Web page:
Bill Would Prohibit Abusers & Stalkers from Getting Guns
February 22, 2018 — Today the Oregon State Senate voted to pass a bill (HB 4145) to protect victims of domestic violence in the state by prohibiting abusers and stalkers from getting guns. The legislation would expand prohibitions on domestic abusers possessing firearms to include dating partners and stalkers. It passed the Oregon House last week and now heads to Governor Kate Brown’s desk for her signature.
“Oregon is continuing to step up to keep guns out of the hands of dangerous people,” said Robin Lloyd, Giffords Government Affairs Director. “Guns and domestic violence are a particularly lethal combination that have deadly consequences. Once this bill is signed loopholes will finally be closed in state law that let domestic abusers possess guns. I applaud Governor Kate Brown for her leadership on seeing this to the finish line and ensuring that Oregon is taking the lead to protect communities from gun violence.”
Members of the Giffords Oregon Coalition have spoke in favor of the bill:
“The link between domestic violence and firearms has horrific consequences,” said Vanessa Timmons, Executive Director of the Oregon Coalition Against Domestic & Sexual Violence, and Advisory Committee Member of the Giffords Oregon Coalition. “A woman is five times more likely to be killed by her abuser if he has access to a gun. And here in Oregon, dangerous loopholes in our laws allow convicted stalkers and dangerous dating partners to possess firearms. That’s unacceptable. I applaud the leaders in Salem who recognize that we need to do more to protect victims of domestic violence from their stalkers and abusers. That’s exactly what this bill will do and I urge everyone to support this important piece of legislation.”
“Gun violence takes many forms, but we know that domestic violence and firearms is especially deadly,” said Jim Scott, M.D., Past President of the National Physicians Alliance, and Advisory Committee Member of the Giffords Oregon Coalition. “In order to address violence in our communities and in our homes, we need to approach the problem like any other public health issue, and ensure that domestic abusers do not have access to firearms. This legislation is an important piece of what it will take to create safer communities.”
“Allowing known domestic abusers to have firearms just because they are not married to their victim or choose not to live together is dangerous and short sighted,” saidTom O’Connor, Founding Board Member of Gun Owners for Responsible Ownership, and Advisory Committee Member of the Giffords Oregon Coalition.“Owning a firearm is a tremendous responsibility, and if someone is using it to threaten or harass someone, they can no longer be considered a responsible gun owner. Whether you own a gun or not, I hope we can all agree to support this legislation that will save lives.”
Background on Giffords Efforts to Strengthen Oregon Laws to Keep Guns out of the Hands of Domestic Abusers
Federal law prohibits abusers who have been convicted of domestic violence misdemeanors and abusers subject to certain domestic violence protective orders from purchasing or possessing guns. However, significant gaps in our laws exist. For example, the “boyfriend loophole” refers to the fact that dating partners do not qualify as domestic abusers with regards to federal firearm prohibitions unless the partners have cohabitated as spouses or have a child in common.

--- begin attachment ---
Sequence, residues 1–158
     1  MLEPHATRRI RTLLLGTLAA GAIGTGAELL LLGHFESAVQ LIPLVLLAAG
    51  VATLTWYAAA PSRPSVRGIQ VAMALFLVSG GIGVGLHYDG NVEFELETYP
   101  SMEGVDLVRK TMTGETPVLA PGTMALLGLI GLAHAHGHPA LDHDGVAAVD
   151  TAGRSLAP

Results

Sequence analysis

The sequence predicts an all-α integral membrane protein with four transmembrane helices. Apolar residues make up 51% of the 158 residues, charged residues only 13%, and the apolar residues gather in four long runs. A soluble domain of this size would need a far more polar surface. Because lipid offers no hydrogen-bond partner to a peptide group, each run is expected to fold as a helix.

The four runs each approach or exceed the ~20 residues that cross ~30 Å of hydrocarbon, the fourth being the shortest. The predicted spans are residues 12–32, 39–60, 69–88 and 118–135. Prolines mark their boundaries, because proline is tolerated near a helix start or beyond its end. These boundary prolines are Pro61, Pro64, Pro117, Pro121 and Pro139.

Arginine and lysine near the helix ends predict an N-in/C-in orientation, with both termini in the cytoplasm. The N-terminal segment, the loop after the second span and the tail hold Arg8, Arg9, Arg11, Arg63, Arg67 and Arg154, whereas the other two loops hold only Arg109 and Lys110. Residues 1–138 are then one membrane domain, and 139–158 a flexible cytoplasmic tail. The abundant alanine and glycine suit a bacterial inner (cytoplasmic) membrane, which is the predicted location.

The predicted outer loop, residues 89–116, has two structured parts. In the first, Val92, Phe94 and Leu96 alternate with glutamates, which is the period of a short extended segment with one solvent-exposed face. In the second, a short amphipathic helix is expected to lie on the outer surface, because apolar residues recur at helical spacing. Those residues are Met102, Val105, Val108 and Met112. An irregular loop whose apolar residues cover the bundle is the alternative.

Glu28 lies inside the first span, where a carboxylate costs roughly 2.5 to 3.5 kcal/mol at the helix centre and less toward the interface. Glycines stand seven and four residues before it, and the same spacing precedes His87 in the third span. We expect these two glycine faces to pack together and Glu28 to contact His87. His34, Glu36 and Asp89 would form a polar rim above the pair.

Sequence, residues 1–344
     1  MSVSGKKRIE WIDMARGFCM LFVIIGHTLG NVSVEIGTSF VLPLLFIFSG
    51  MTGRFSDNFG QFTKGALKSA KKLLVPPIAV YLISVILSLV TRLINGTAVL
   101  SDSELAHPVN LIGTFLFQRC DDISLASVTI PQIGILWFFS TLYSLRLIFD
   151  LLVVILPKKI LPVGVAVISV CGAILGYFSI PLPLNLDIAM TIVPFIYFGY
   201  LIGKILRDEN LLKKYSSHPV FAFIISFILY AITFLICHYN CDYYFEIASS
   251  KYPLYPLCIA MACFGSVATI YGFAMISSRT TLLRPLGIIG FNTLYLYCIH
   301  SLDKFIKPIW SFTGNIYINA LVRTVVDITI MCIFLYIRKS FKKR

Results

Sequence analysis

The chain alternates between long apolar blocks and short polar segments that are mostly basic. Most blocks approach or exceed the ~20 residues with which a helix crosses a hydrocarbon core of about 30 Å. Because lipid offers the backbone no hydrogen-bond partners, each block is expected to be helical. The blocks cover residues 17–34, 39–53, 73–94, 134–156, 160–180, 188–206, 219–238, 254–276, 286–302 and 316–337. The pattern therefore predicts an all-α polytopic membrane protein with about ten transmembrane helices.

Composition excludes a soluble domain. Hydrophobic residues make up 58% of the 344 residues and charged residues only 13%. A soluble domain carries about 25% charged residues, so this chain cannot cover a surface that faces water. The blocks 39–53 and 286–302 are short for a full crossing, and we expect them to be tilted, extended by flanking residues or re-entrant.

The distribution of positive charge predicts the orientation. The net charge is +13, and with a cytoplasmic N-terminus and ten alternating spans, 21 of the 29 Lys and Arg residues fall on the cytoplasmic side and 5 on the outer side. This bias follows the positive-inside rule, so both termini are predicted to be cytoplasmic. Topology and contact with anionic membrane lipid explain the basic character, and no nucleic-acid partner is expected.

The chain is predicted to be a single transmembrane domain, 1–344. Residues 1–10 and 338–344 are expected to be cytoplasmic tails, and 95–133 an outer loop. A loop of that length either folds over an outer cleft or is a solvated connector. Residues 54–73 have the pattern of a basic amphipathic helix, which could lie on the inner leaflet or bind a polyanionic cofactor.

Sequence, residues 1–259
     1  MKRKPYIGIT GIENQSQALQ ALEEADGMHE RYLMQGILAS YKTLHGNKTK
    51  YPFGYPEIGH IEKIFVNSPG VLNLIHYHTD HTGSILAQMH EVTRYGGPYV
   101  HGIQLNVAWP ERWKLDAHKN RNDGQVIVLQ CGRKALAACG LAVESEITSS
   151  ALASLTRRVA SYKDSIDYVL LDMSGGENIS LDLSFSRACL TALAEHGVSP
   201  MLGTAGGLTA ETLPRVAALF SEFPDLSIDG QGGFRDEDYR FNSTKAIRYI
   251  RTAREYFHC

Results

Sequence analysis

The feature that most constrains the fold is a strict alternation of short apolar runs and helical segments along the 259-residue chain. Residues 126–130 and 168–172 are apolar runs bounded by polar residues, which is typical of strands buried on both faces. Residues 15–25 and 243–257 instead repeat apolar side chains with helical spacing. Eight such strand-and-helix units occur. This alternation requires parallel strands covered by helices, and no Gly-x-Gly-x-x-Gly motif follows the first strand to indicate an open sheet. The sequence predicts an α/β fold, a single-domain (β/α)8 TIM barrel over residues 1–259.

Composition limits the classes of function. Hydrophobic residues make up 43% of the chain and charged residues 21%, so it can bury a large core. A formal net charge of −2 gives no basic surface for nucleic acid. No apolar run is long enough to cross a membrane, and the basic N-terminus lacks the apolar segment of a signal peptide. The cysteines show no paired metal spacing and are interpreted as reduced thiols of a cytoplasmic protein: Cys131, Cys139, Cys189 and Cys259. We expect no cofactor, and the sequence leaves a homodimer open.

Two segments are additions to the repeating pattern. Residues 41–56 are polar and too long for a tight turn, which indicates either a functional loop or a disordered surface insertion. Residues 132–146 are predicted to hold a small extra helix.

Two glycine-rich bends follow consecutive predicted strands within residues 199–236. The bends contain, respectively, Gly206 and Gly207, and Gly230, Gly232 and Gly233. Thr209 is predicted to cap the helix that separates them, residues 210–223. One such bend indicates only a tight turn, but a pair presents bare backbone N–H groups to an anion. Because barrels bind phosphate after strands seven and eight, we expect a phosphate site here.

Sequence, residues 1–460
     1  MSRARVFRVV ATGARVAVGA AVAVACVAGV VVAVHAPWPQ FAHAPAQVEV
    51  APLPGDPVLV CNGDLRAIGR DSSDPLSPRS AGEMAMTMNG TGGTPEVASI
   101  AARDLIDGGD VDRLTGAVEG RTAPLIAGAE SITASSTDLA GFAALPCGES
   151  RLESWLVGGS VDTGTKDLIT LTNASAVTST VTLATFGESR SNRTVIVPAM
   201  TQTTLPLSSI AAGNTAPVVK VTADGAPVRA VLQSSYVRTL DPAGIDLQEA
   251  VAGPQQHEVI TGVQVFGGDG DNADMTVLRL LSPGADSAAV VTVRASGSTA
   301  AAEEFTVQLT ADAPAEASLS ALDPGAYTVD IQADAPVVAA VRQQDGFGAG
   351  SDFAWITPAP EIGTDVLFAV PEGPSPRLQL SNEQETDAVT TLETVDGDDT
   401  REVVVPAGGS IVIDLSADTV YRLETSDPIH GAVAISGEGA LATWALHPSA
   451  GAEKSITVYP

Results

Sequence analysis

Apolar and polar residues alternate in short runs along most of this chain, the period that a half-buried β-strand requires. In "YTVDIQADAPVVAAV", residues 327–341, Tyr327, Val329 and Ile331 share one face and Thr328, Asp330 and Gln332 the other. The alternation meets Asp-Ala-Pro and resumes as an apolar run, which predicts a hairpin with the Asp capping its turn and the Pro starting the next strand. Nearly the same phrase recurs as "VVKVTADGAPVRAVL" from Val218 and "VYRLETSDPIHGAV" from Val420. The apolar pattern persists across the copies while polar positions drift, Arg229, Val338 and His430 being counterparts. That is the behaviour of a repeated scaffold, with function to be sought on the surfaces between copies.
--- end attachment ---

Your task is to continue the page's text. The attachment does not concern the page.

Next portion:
In 2015, Giffords and members of the Giffords Oregon Coalition, made up of gun owners, veterans, educators, law enforcement officials and community advocates, were instrumental in helping to pass critical legislation that closed a loophole in Oregon law that allowed domestic violence misdemeanants to legally possess firearms. Specifically, it now prohibits individuals convicted of qualifying misdemeanors from possessing firearms or ammunition if, at the time of the offense, the defendant was a family member of the victim.
But current law in Oregon doesn’t cover dating partners or stalkers when it comes to possessing firearms. A recent study from the University of Pennsylvania reviewed more than 31,000 Philadelphia police reports and found that “82.1 percent of intimate partner violence incidents included current or former dating partners….less than 15 percent involved current spouses, and just 3.5 percent involved ex-spouses.”
Background On The Nexus Of Domestic Violence, Dating Partner Abuse, Stalking And Access To Firearms
Women in the United States are 11 times more likely to be murdered with a gun than women in other developed countries, and more than half of all murders of America’s women are committed with a gun. [National Domestic Violence Hotline]
Abused women are five times more likely to be killed by their abuser if that individual has access to a firearm. [American Journal of Public Health]
Domestic violence assaults involving a gun are twelve times more likely to result in death than those involving other weapons or bodily force. [Saltzman, Jun. 1992]
In 2011, over half of women killed with guns were killed by their intimate partners or family members. [U.S. Department of Justice]
Sixty-six percent of female stalking victims were stalked by a current or former intimate partner. [Bureau of Justice Statistics, Jan. 2009]
One study of female murder victims in 10 cities found that 76 percent of women murdered and 85 percent who survived a murder attempt by a current or former intimate partner experienced stalking in the year preceding the murder. [McFarlane, Nov. 1999]